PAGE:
Erste Bank Hungary to lay off staff, close branches


Erste Bank Hungary will lay off around 15% of its staff, or approximately 400-450 people, in the early months of 2012 and is expected to close down 43 branches, the bank said on Friday.

The bank said the lay-offs were required by its limited revenue outlook resulting from the economic crisis, the decline in lending as well as the government’s bank levy and early final repayment scheme.

The combination of the adverse external economic developments, the slowdown in the banking market and the substantial increase in risk-provision obligations has made it unavoidable to restructure Erste Bank’s Hungarian unit and streamline its branch network, CEO Radovan Jelasity said in the statement.

Conditions for long-term sustainable operations can be created only through cutting expenses and tight cost management, Mr Jelasity said.

Radovan Jelasity emphasised that parent company Erste Group continues to maintain its commitment to the Hungarian market and customers, however, due to the slowdown on the banking market, it needs to reassess its mid-term outlook in Hungary and restructure its business strategy accordingly.

The restructuring process comprises more than just lay-offs and will include a comprehensive renewal from strategy through customer relations to risk management. The lending-based growth of earlier years will be replaced by banking operations focusing on raising liabilities and based on the efficient exploiting of customer relations. The main goal is for Erste to become the main bank for its close to 900,000 Hungarian customers, the statement said.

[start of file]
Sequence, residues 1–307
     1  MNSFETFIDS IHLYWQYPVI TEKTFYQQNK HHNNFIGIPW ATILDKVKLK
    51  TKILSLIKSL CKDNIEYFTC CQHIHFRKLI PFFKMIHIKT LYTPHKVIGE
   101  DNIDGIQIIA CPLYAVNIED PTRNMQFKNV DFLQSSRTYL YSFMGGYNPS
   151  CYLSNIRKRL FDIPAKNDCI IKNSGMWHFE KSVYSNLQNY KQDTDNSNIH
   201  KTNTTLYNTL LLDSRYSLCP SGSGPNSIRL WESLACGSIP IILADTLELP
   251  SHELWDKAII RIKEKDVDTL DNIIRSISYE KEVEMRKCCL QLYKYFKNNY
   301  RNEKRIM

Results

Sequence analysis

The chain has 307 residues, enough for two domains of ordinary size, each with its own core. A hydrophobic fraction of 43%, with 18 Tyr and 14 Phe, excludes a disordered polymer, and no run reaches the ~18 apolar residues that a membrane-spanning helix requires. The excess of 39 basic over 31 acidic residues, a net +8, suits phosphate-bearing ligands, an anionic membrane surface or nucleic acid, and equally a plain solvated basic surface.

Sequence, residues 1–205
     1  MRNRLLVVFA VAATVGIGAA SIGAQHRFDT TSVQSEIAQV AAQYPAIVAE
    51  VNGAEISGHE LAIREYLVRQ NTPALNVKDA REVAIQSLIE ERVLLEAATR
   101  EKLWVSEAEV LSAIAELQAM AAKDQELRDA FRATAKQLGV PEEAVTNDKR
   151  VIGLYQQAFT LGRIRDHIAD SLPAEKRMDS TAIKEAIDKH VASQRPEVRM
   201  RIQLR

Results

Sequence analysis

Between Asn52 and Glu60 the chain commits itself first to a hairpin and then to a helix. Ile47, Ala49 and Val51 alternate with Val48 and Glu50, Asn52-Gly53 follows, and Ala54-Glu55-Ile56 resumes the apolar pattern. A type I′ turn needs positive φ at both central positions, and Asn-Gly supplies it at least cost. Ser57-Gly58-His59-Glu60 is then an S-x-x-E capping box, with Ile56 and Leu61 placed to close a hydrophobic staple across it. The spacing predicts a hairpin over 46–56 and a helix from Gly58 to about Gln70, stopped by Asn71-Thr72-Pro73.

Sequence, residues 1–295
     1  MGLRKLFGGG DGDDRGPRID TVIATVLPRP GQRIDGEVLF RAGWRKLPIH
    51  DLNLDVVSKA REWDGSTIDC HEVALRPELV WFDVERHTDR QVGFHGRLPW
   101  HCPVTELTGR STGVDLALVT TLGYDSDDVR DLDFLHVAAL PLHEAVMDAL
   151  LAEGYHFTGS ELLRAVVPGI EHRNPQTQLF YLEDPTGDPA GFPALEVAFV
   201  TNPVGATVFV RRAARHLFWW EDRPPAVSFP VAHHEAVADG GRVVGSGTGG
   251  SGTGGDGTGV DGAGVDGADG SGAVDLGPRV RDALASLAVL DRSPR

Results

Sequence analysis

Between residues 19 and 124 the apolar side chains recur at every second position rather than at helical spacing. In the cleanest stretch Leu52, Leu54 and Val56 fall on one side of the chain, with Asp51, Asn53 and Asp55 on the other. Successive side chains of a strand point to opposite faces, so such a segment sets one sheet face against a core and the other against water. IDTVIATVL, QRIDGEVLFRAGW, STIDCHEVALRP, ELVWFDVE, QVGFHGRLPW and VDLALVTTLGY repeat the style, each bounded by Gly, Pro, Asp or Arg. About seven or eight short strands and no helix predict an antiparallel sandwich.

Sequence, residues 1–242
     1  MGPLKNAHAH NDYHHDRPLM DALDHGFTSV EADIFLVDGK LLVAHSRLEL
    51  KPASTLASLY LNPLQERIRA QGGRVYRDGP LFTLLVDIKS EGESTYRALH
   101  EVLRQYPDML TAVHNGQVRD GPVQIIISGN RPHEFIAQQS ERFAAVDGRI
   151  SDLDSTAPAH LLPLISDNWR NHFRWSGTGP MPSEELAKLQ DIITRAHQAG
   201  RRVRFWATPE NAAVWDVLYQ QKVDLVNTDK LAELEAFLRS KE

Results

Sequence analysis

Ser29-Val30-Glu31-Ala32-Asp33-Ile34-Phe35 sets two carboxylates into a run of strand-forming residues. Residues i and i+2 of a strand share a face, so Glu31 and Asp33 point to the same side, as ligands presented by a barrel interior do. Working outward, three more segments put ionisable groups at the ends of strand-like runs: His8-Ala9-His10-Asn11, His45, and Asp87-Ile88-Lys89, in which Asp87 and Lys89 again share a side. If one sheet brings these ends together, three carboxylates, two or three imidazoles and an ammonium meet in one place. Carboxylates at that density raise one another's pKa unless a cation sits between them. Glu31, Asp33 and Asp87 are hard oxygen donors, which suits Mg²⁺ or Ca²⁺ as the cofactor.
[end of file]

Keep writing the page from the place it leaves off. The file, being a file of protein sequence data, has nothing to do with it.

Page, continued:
CIG Pannónia Board Proposes HUF 18-per-share Dividend Figures

CIG Pannónia Board Proposes HUF 18-per-share Dividend

Hungarian Lawmakers Ratify Finland's NATO Accession Parliament

Hungarian Lawmakers Ratify Finland's NATO Accession

IBS Reaches 50-50% Gender Ratio in Management HR

IBS Reaches 50-50% Gender Ratio in Management

Sümeg Castle Reopens History

Sümeg Castle Reopens


Producing journalism that is worthy of the name is a costly business. For 27 years, the publishers, editors and reporters of the Budapest Business Journal have striven to bring you business news that works, information that you can trust, that is factual, accurate and presented without fear or favor.
Newspaper organizations across the globe have struggled to find a business model that allows them to continue to excel, without compromising their ability to perform. Most recently, some have experimented with the idea of involving their most important stakeholders, their readers.
We would like to offer that same opportunity to our readers. We would like to invite you to help us deliver the quality business journalism you require. Hit our Support the BBJ button and you can choose the how much and how often you send us your contributions.